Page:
Going back to the original tapes gives us the best possible quality; the analog processes from 40 years ago weren't 'lossless', and each generation added noise and distortion. An original LP was likely made from a copy of the edited master tape, which itself was a generation removed from the multitrack session tapes, and had also passed through an extra analogue mixer and mastering stage, not to mention the process of cutting and pressing LP's.
Once the transfers were made, we started on the mixing and mastering. Luckily, the tapes were well documented (not always the case!), so that we knew exactly which instruments were on each track, and even the original mixer settings, such as fader level, left-right panning, equalization, and the reverberation used. The original multitracks were recorded quite close and dry, meaning that added reverberation formed an important part of the final mix. This posed a challenge: the two reverberators used (a very early EMT digital reverb and a reverberation chamber) weren't available to us. Luckily modern software gave us a 'digital model' of the EMT, as well as a selection of other wonderful acoustics, allowing us to emulate the reverberation used by DG's mixing engineers, and in some cases (at least in our opinion!s) to improve on the original.
Video: Remastering the Tapes
Remixing involved lining up the original CD version of the recordings with our new multitrack transfer, matching levels, and switching back and forth to compare and refine – a time consuming process, since not all of the mixes were static. Our goal wasn't to make an exact match, but we wanted to stay faithful to the artistic intentions of the musicians, producers, and engineers, especially in regard to the musical balances. In the process, we also cleaned up some distracting glitches and noises using advanced software that didn't exist when these recordings were originally made or remastered.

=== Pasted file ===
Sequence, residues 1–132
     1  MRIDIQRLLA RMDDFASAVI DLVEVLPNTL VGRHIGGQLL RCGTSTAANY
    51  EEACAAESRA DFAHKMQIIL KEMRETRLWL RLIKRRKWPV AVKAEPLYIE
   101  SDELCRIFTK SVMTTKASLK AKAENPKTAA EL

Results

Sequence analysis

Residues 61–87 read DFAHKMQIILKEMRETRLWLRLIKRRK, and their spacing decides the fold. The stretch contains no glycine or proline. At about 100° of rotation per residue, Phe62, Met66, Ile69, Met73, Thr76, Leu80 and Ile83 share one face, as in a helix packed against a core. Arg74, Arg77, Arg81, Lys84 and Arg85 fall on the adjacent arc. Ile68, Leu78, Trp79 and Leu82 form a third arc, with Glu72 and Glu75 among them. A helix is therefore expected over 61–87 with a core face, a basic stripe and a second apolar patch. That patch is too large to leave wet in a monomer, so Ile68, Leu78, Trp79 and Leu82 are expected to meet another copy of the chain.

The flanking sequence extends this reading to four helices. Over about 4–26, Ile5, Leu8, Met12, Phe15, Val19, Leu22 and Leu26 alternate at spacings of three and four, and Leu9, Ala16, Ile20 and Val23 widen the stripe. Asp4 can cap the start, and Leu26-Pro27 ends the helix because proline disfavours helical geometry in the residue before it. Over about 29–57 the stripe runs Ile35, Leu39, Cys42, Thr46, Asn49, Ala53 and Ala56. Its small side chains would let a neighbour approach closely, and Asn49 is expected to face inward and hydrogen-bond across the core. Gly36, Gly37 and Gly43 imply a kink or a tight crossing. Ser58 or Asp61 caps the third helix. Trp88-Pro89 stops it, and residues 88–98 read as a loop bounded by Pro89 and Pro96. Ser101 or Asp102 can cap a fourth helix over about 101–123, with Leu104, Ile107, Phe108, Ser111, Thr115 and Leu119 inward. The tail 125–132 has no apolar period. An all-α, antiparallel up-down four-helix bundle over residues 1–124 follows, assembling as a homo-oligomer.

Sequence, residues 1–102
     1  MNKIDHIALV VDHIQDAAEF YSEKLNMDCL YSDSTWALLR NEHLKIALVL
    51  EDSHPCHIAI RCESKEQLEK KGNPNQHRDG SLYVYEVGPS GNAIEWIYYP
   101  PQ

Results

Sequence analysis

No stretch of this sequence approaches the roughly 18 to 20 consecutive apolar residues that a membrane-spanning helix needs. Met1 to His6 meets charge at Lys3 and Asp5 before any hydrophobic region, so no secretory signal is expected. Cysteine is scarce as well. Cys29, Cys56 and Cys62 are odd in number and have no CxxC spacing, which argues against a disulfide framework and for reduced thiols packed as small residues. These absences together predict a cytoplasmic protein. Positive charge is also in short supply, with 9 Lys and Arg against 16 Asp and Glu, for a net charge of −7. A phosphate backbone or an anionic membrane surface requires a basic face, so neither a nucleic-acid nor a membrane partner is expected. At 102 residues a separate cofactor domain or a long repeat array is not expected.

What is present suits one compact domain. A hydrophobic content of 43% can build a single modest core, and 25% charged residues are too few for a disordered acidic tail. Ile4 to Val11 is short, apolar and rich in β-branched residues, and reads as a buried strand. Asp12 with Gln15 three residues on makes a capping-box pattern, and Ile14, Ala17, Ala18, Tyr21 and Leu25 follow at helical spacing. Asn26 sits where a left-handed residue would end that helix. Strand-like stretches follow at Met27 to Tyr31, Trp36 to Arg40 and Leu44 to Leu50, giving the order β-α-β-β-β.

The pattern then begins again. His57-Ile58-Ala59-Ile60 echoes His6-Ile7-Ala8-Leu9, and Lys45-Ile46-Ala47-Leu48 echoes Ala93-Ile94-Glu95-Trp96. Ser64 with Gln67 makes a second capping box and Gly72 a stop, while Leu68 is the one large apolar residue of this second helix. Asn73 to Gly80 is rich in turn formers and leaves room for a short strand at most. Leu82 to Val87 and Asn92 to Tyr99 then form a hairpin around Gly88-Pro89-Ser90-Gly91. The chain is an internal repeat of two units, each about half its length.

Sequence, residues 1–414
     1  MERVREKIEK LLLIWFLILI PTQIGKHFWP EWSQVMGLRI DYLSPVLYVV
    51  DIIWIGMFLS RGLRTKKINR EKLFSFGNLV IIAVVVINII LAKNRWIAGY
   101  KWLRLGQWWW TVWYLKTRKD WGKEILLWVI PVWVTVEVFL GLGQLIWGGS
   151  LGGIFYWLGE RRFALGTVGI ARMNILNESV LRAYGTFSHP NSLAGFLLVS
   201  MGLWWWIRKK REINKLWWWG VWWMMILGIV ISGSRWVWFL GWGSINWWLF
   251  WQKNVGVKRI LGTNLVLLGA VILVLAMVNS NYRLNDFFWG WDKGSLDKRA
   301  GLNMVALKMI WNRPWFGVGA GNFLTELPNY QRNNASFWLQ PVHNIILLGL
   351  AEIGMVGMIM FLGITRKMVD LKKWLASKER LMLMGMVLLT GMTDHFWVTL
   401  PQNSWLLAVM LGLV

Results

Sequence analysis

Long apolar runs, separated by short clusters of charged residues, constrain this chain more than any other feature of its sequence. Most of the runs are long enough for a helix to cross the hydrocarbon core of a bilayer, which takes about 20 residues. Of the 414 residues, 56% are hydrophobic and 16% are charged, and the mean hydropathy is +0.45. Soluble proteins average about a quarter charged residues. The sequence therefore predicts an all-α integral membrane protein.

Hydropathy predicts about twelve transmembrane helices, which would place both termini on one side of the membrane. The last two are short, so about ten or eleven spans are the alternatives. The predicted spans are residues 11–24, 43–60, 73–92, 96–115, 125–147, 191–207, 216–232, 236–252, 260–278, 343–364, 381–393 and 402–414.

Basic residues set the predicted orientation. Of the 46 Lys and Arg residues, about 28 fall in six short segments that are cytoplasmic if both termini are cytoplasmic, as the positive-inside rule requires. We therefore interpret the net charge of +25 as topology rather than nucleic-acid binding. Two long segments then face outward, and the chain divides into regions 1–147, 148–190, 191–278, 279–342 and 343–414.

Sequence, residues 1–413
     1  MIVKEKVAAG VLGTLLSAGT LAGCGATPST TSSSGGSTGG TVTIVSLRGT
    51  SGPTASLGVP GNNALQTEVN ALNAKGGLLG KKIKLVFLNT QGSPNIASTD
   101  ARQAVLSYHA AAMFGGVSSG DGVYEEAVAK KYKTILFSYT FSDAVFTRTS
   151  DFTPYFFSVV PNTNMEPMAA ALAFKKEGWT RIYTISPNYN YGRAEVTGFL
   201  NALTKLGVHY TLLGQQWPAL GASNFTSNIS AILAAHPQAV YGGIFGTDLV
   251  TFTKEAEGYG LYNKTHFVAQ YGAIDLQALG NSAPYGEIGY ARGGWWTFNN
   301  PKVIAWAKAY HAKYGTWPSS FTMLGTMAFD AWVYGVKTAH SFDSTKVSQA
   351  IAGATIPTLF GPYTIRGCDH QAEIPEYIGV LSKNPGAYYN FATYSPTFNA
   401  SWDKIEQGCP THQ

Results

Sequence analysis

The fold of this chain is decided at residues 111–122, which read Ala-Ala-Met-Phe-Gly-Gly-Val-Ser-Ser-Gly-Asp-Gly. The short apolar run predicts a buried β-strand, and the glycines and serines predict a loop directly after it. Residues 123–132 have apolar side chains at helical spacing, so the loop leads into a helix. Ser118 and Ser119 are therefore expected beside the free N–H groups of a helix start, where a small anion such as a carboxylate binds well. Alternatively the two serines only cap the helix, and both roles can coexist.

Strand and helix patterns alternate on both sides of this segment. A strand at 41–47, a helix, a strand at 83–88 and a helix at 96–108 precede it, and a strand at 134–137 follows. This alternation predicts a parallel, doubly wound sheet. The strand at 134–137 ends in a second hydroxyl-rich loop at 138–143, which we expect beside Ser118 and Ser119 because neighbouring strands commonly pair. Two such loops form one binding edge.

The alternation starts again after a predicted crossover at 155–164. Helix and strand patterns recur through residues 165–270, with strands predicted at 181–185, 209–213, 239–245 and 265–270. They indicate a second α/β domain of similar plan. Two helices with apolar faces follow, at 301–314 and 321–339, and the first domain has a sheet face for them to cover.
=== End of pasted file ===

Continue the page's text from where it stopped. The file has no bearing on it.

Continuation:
The stereo mix was the starting point for the surround. These recordings weren't made with the idea of quadraphonic or surround release, and didn't include any separate ambience tracks or distant microphones. Our goal with the surround mix was to give the listener the feel of being in the hall with the musicians, with the direct sound coming primarily from the front, and the reflections and reverberation from all around. Spreading the sound out over five speakers envelops the listener in the sound, bringing the listener into the hall together with the musicians, as opposed to the 'window into the hall' of stereo listening, where both the direct sound and reflections are coming from the same direction. We ac
Our surround mix is a 5.0 mix, omitting the .1 / LFE channel. LFE stands for Low Frequecy Effects, and was designed for sound effects (earthquakes, explosions...), not music. A properly setup system doesn't require an LFE channel to use its subwoofer, but will utilize bass management to route low frequencies to the subwoofer(s) based on the characteristics of the connected loudspeakers.
It was a huge pleasure and honour to work on this project. We hope you enjoy it!
(Everett Porter / Jean-Marie Geijsen / Erdo Groot / Karel Bruggemann / Lauran Jurrius)
Video: Remastering Beethoven’s 9th Symphony